# What Size Air Conditioner Do I Need?

A 5,000 Btu air conditioner can effectively cool a room that measures 100 to 150 square feet, according to a basic industry standard. But while using the room size is a good starting point when sizing an air conditioner, there are other factors to consider, such as the room's location, how much sun it gets and how many people use it. Therefore, the best way to choose an air conditioner capacity is to start with the room's square footage, and then make adjustments as needed for the specific space.

### Tip

Determine Btu capacity for an air conditioner based on the size of the room and other important criteria.

## The Importance of Proper Sizing

Air conditioners cool interior spaces by removing heat and moisture (humidity) from the air, and they have to do both to work effectively. If an air conditioner is too big for a given area, it will turn on for short periods, a condition called "short-cycling." This cools the air quickly, but the air conditioner doesn't run long enough to remove the moisture, leaving the air feeling damp or clammy and sometimes uncomfortably chilly. The flip side of this is an air conditioner that's too small. It will run for long periods, using a lot of electricity and possibly never cooling the room adequately.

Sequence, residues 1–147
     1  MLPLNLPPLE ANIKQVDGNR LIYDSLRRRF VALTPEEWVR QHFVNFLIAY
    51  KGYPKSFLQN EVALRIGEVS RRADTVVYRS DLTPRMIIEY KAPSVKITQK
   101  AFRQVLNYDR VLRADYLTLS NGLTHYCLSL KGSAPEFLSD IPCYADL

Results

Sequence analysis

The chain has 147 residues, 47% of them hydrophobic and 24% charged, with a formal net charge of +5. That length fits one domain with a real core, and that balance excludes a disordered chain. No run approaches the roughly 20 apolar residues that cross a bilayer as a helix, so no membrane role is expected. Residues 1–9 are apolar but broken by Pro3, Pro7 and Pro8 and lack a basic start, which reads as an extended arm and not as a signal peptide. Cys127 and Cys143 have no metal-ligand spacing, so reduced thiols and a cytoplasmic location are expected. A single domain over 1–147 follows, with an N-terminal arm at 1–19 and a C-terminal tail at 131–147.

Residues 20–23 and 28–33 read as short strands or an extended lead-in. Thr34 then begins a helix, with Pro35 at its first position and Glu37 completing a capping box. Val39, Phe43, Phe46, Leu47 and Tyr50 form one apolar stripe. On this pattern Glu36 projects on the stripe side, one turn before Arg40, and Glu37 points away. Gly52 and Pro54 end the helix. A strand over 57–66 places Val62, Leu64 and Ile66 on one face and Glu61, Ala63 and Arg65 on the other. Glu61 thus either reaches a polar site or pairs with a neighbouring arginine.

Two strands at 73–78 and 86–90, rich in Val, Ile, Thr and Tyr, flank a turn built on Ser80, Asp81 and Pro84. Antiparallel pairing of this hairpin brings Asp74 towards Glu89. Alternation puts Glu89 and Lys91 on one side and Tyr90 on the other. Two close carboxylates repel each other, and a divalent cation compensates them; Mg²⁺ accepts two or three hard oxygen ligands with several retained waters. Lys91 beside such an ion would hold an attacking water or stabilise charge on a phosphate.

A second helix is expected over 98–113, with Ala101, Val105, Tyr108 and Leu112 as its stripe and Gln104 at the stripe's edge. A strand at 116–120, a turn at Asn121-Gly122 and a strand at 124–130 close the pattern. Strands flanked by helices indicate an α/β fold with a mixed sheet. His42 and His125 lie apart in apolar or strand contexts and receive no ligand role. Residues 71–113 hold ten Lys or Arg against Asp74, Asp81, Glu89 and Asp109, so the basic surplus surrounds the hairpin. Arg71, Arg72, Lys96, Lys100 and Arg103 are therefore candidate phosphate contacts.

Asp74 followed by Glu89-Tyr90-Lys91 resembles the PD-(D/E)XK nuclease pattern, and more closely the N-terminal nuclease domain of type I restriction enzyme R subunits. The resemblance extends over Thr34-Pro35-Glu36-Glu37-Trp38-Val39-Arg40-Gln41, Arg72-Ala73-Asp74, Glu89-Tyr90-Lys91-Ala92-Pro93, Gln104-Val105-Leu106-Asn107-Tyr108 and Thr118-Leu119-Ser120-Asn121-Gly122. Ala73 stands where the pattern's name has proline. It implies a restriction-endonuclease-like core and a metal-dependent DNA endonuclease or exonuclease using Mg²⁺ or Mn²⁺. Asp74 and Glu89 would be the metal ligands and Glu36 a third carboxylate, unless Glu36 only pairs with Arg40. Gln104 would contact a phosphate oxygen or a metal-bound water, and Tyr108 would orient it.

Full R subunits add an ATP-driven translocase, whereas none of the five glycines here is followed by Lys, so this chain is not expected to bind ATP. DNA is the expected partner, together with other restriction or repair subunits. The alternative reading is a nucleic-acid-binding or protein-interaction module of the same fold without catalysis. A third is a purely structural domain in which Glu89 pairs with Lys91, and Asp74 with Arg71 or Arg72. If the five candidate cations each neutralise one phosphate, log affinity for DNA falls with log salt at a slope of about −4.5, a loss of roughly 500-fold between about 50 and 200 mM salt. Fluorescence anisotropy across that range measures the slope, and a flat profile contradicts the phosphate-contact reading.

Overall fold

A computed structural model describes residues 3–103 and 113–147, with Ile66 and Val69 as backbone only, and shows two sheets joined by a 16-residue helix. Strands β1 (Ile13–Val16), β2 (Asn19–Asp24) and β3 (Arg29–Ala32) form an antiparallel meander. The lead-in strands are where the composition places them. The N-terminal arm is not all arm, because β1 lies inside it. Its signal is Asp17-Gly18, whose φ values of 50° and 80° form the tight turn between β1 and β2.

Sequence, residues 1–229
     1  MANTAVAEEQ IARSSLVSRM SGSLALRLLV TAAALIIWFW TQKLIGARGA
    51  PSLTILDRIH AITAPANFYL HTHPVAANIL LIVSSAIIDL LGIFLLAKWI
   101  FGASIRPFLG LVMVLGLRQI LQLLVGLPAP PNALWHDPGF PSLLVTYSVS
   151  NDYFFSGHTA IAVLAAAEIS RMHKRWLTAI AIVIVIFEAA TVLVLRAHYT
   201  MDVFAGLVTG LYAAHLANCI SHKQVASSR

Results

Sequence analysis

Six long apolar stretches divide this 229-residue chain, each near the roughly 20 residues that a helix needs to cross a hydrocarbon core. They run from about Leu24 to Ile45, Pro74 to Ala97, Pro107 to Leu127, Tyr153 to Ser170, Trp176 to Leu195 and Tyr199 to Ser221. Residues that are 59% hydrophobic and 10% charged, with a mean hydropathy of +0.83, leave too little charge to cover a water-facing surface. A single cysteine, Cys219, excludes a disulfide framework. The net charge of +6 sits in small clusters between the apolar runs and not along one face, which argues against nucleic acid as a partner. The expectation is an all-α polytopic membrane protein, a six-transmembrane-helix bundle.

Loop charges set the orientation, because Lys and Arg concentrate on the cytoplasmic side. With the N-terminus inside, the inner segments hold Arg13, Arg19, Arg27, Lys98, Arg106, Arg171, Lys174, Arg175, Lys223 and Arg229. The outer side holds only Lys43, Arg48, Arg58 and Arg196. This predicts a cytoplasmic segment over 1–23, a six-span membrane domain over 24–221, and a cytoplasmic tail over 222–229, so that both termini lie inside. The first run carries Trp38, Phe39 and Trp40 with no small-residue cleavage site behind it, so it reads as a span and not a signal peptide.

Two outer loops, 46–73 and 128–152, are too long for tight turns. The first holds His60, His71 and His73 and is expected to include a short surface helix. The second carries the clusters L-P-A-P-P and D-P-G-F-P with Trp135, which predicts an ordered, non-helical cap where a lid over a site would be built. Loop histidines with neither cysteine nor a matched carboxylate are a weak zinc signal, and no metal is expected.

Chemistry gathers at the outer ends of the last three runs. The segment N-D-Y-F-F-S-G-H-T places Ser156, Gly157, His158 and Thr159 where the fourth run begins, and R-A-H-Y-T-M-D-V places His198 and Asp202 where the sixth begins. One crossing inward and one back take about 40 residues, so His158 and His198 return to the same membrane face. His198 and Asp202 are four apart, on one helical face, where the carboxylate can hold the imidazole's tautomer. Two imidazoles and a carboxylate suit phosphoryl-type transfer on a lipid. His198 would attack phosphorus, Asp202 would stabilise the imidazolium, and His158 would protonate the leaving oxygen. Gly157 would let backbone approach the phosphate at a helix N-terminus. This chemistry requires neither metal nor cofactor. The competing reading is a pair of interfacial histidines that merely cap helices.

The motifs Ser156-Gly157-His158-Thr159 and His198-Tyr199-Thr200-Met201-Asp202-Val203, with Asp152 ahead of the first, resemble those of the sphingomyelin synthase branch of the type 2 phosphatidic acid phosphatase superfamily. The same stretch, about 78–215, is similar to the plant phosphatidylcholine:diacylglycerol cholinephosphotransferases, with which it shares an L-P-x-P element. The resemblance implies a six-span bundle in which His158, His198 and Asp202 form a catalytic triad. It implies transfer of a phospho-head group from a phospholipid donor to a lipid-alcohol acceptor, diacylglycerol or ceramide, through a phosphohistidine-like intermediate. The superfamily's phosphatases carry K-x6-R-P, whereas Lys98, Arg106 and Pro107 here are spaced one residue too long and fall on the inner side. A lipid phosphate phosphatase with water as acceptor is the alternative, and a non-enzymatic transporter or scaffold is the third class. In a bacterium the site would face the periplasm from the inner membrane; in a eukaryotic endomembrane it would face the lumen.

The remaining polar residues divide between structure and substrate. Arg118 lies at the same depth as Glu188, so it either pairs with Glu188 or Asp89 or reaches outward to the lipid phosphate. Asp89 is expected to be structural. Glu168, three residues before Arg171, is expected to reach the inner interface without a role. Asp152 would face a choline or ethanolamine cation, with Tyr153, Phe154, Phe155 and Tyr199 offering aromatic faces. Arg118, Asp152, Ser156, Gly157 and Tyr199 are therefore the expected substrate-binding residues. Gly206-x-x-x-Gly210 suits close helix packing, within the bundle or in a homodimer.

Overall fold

## Room Size Calculations

Start your room size calculation by measuring the width and length of the entire space you intend to cool. Multiply the numbers to find the total square footage, or area; for example, a room that's 12 feet wide and 20 feet long has an area of 240 square feet. The chart below lists the standard recommended range of air conditioner capacity (in Btu) for various room sizes. These values assume that you're cooling a single, relatively open area and that the ceiling is a standard height of about 8 feet.

### Tip

Btu ratings are typically given for small- to medium-size air conditioners, including window (or "room") units, mini split heat pumps and portable air conditioners. Central air conditioner systems typically are rated in tons, or refrigeration tons (RT). One ton of refrigeration capacity is equal to 12,000 Btu.